Update: Is Britain still good for business now that Article 50 has been triggered?

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As our November analysis showed, the low value of the pound post Brexit resulted in a 500% increase in inbound searches for flights and hotels. This finding was in line with ForwardKey’s tourism market analysis report, which showed an immediate increase in international net bookings for arrival in the UK.

According to Google Trend data, there was actually an increase in the search term ‘flight to the UK’ in the days leading up to the triggering of Article 50.

Looking at how this search term has performed over the last five years, we can see an upward trajectory following seasonal trends.

The above graph shows demand for inbound flights has been relatively unaffected by the ‘Leave’ referendum result in June 2016 or by the triggering of Article 50 yesterday. The UK tourism market has also been seemingly resistant to any social stigma attached to Brexit. The long-term effects, however, are yet to be realised and the industry may not continue to display such resilience. The International Air Transport Association offers preliminary estimates that numbers of UK air passengers could be 3-5% lower by 2020, fuelled by a post Brexit economic downturn.

Retail does not paint such a rosy picture. In the first quarter of 2017 Amazon and eBay have seen decreases in traffic by 17.45% and 12.32% respectively, with the drop more pronounced in the last month.

The investment community is benefitting from an increase in foreign investment driven by the pound’s decline, demonstrated by the FTSE 250 index being 11% higher than it was on the eve of the referendum. Similarly, investment demand in UK domestic and commercial property is still on the rise, driven by the favourable exchange rate, despite concerns about relocation of UK-based companies’ post-Brexit. Inbound domestic property investment is still likely to centred in the buy-to-let market, further inflating rents whilst stifling residents’ chances of getting onto the property ladder (see analysis in NewStatesman).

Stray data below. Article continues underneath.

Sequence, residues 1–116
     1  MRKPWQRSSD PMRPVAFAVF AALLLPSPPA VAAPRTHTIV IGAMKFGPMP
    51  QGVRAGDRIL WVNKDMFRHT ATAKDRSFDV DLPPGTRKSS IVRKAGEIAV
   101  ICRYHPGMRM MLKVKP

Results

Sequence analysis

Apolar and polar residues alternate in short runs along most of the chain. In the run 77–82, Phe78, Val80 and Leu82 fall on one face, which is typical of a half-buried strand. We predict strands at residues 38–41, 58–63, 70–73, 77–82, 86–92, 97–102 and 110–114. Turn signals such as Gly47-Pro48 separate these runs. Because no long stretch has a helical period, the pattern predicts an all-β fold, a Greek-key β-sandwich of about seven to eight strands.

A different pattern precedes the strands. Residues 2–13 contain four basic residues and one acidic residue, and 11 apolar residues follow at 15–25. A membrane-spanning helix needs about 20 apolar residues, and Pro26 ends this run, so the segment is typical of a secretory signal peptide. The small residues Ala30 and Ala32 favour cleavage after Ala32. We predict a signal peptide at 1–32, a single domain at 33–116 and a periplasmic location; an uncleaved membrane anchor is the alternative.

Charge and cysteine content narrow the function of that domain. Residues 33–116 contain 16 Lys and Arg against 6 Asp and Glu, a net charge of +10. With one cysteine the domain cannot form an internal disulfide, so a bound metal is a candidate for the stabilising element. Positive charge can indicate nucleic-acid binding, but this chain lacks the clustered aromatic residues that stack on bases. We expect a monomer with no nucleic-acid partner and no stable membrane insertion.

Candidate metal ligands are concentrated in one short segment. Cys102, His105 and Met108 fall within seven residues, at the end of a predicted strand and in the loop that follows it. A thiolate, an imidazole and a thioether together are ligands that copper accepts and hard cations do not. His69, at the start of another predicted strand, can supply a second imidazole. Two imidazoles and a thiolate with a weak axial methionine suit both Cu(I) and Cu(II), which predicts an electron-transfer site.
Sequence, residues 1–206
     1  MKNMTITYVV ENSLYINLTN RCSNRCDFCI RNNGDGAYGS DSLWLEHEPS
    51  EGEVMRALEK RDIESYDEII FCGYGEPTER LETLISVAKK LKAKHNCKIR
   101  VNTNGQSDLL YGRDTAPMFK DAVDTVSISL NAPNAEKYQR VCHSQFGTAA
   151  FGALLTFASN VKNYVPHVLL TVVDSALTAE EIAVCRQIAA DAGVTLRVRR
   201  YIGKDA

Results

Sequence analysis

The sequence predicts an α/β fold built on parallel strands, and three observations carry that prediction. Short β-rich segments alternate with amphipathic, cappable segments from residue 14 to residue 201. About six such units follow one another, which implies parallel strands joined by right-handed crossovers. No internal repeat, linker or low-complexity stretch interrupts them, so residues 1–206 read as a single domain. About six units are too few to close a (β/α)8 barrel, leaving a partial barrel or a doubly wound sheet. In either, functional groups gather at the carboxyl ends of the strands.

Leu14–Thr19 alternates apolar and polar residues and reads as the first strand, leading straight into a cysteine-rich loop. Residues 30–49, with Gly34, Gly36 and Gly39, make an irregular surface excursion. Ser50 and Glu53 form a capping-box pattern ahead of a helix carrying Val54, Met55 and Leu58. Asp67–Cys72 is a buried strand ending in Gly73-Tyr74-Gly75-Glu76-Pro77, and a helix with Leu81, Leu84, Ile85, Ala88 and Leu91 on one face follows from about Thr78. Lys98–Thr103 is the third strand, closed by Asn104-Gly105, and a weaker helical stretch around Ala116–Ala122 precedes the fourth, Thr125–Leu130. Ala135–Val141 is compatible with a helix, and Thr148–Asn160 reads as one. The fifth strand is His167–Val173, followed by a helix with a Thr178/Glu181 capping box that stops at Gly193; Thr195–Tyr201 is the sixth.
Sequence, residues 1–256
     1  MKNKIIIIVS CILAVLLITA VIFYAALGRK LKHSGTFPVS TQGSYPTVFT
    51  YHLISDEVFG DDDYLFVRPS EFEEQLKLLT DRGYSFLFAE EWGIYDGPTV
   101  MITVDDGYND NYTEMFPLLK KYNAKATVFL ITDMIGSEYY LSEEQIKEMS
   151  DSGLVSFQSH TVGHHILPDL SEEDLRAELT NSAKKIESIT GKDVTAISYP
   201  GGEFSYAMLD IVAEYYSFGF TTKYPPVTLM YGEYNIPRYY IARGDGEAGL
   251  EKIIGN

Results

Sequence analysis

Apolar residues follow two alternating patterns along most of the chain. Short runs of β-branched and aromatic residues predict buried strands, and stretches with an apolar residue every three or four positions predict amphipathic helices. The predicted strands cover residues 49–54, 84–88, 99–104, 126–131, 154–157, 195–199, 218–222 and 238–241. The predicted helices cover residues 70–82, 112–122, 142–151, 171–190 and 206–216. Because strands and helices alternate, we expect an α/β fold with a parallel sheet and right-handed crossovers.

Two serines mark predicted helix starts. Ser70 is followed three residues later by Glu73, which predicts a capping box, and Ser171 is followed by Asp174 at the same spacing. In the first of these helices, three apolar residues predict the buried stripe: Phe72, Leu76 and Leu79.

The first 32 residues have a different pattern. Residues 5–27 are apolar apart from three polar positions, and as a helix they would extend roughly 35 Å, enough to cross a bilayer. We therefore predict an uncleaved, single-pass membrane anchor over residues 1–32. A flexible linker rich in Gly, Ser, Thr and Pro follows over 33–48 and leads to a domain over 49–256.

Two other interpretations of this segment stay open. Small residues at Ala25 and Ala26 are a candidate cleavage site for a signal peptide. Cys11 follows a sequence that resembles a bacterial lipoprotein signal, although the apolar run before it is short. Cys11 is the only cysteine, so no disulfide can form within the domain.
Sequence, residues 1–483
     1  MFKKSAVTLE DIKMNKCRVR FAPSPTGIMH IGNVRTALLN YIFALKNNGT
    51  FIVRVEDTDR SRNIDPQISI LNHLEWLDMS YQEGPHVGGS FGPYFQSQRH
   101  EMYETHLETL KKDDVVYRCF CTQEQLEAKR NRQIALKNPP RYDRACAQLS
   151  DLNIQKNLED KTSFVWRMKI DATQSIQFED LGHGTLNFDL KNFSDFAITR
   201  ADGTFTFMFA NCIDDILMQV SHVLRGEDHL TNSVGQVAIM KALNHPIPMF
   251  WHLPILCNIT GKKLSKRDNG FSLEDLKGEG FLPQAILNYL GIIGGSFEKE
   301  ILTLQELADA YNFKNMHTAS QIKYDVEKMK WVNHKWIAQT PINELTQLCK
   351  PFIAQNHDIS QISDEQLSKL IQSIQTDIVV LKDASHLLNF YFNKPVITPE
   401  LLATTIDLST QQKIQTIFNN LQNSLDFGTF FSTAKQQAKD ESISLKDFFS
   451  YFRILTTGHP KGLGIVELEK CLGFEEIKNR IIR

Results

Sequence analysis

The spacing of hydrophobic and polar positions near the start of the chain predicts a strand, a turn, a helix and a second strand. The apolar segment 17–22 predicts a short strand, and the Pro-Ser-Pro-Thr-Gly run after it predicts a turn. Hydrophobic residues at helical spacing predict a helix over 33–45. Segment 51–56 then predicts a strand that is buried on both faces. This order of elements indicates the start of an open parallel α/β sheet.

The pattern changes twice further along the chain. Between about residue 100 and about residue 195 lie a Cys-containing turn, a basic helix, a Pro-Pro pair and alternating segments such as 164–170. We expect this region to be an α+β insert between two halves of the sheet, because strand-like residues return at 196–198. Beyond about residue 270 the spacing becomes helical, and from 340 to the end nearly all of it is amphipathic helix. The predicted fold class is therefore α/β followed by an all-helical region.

Though Britain may have proven predictors of an economic apocalypse wrong in the aftermath of the referendum, this honeymoon period can largely be attributed to decreases in the trade deficit facilitated by a weaker pound.


According to the ONS, the balance of trade remained unchanged between December 2016 and January 2017, with exports increasing slightly more than imports.

The unexpected growth can also be accredited to the Bank of England’s efforts to boost the economy post Brexit by cutting interest rates from 0.5% to 0.25% in August last year in an effort to encourage borrowing.

The common thread running through all UK markets, however, is the presence of uncertainty. This may spell the end of the honeymoon period of post-Brexit growth. Business investment is slowing, according to the ONS. The gap is closing between inflation and wage increases. Construction costs are soaring, and the growth rate of house prices is half what it was a year ago at 2%.  A silver lining of the uncertainty, forecast to mar economic performance while negotiations unfold, is the immediate attraction of ‘hot money’ via direct foreign investment that thrives off a weak and unstable pound. In the meantime, the objectives of establishing competitive trade tariffs to foster an export-led economy and retaining the City as the World Financial Centre should be the focus of May’s negotiations. If these requirements are met, incoming foreign investment from the strong Dollar and Euro will boost the economy and trade deals will stimulate growth in sectors such as technology and engineering, free trade economists predict a 4% increase in GDP – a very business-like Brexit indeed.